How well you manage your project can determine its success or failure, so it isn't a responsibility that should be taken lightly. If you want to finish your job as efficiently as possible, you need to be organized and have a solid plan to rely on.
But what are some of the best ways to manage your projects successfully? Here are my top 8 project management techniques.
1. Risk assessment and management
Risk assessment is vital for a successful project and the most successful project managers always know just what they're getting into. They're aware of all the potential problems they might face later on, which means they can have some contingencies in place.
Risk assessment is crucial because it gives you a clear idea about any potential problems and their solutions. Sometimes, while conducting a risk assessment, managers find that their project might be beyond their current capabilities.
A thorough risk assessment will also allow you to decide what an acceptable risk is for you. For example, if you get a project that requires constructing a commercial space in an area notorious for bad weather, you might want to do an assessment to see just how many problems are likely to emerge.
If you feel that the project is within your capabilities, you need to come up with a plan to manage the problems involved. At this stage, you should register, rank, assign, avoid or transfer risks to make things easier for you in the future.
2. Planning the budget
Money makes the world go round and proper management of this resource is very important. We see many examples of project managers mishandling money and going over the budget. Sometimes it can be unavoidable and you might go over despite your efforts to prevent it. However, staying within the assigned budget is necessary in order to avoid complications down the line. Many managers don't learn how to handle project money and end up developing bad habits early on in their career.
If you go over your stipulated budget on most of the projects you work on, your reputation might take a hit. Having a streamlined and detailed plan for your money will ensure that all your resources are properly divided. You'll also become aware of just how much you have to work with, and plan for contingencies accordingly.
Scheduling is perhaps the most difficult task for a manager. You have only a fixed number of days to finish the project and you need to utilise your time effectively. For this purpose, you need to understand the habits and capabilities of your team, and identify high performers who will be able to get their work done quickly.
You should also identify who your quality performers are – people who might work slowly but would deliver excellent quality work. Once you get a better understanding of your team, you can assign various tasks accordingly.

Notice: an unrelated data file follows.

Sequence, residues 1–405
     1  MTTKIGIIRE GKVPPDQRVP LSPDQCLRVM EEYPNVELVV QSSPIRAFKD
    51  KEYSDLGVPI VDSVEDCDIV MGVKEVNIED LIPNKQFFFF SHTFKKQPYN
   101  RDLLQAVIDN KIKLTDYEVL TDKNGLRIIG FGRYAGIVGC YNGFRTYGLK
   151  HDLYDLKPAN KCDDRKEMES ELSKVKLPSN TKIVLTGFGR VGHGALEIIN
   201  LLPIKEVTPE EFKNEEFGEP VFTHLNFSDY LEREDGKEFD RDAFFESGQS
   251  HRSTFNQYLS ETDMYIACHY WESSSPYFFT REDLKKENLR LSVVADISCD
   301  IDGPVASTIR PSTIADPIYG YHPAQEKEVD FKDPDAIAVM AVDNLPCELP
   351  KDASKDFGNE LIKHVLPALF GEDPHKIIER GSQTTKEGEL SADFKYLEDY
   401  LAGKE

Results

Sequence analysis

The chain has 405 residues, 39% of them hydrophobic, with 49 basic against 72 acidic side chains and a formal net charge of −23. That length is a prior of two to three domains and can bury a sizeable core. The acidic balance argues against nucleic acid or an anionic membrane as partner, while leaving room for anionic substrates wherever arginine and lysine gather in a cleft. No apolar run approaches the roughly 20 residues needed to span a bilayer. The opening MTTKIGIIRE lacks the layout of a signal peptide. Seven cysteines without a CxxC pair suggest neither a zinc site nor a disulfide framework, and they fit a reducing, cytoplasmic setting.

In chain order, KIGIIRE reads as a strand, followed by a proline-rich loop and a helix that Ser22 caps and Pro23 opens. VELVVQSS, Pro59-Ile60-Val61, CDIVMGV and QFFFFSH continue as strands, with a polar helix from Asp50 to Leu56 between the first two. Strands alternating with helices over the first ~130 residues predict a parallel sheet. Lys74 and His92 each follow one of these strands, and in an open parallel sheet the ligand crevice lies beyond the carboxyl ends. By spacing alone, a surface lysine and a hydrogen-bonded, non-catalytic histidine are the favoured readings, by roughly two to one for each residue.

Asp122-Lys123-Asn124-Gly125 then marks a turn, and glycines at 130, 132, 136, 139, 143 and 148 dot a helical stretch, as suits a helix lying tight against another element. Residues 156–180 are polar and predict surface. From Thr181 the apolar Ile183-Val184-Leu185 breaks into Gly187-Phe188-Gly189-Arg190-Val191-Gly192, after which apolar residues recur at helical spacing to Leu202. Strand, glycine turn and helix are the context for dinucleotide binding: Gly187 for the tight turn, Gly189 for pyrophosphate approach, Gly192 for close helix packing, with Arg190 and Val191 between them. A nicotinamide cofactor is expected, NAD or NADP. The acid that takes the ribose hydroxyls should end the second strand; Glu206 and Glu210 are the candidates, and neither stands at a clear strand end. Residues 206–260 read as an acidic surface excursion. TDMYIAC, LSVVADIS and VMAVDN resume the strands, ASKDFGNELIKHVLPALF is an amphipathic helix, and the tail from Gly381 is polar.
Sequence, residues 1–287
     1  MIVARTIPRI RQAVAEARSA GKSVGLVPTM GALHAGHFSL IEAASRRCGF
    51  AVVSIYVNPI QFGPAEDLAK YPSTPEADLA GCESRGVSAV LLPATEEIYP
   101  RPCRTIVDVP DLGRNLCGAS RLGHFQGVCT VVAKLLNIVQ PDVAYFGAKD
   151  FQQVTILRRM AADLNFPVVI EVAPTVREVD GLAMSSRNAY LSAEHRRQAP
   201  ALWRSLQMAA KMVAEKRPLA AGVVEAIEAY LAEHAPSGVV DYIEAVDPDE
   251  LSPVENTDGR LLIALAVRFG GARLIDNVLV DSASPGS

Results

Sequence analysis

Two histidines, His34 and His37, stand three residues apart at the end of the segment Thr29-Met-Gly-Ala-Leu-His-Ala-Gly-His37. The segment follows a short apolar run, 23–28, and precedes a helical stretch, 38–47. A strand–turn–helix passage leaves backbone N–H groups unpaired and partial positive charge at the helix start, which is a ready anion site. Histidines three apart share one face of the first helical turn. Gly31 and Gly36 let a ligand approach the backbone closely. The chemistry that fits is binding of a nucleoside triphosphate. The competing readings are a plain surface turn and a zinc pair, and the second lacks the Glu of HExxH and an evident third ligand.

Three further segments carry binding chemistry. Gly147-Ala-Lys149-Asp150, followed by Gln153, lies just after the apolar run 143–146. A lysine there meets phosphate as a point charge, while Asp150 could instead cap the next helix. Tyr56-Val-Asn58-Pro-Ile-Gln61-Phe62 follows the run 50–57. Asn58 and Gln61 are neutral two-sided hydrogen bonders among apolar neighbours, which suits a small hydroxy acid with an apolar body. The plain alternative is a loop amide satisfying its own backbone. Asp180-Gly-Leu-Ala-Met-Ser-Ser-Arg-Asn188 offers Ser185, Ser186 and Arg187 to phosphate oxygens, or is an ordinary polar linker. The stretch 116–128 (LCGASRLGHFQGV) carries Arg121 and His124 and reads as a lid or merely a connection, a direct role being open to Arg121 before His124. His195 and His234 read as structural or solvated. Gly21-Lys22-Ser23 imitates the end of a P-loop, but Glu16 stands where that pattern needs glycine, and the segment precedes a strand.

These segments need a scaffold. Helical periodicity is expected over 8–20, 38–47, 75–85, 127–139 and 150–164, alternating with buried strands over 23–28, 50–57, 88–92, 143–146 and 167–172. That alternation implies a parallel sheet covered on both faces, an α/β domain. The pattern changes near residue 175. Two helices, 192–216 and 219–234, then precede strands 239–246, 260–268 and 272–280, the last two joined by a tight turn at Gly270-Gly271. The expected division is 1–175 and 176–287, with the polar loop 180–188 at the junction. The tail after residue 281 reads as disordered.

Keeping track of the scheduling is also very important. There are several tools available that would help you organize your team properly and allow you to keep an eye on the functioning and ensure it's on track.
It is important to have some breathing room when you take up a project. Things might not always go according to plan, and unexpected delays and expenditures might easily happen. When you discuss the project with your clients and stakeholders, give yourself plenty of wriggle room for unexpected problems.
Sometimes managers can make unwise promises just to stay ahead of the competition or to impress the senior management. However, doing that might do more harm than good down the line. Always ensure that you have breathing room, both time and money-wise. This way, you won't have to bother your superiors or your client every time a problem pops up.
5. Work Breakdown Structure
This is one of the most important aspects of project management. After all, you can't eat an entire sandwich in one bite. Breaking a project down into smaller, more manageable tasks is an old trick.
For example, if you're building a website for a business, you can create different teams to handle different aspects of the project. You can assign a team to take care of the coding, another to take care of the design, and someone else to handle the content.
In small projects, this system is very easy to understand and implement. However, on big projects you'll need time and patience to carefully break down the project structure and assign the tasks to the right person.
6. Cost Breakdown Structure
As I mentioned earlier, managing your budget is vital for the success of a project. To do that, you need to allocate your resources properly. You need to list every item or product that is needed in order to complete the project, and note down how much each of them costs.
For example, if you're renovating an old building, you'll need to buy several different materials and tools. Listing all of them down and making a note of how much they cost can give you a detailed estimate of the expected total cost. This would help you set a proper budget and also direct the resources.
7. Critical Path Analysis
As with everything else, it's very easy to get lost in the nitty-gritty of things and overlook the larger picture. The Critical Path Analysis allows you to keep track of the entire project as it progresses.
It is essentially a time management tool that shows you how much time you have to complete the project and where you stand at any given moment. It arranges all your tasks in a sequence, allowing you to finish your project in a timely manner.
Whether it's a short or a longer project, setting milestones can be a great way to motivate your team and push them to work towards their goals more effectively. If you need some help on how to get started and how to create efficient milestones for your project, have a look at this article from Smartsheet.
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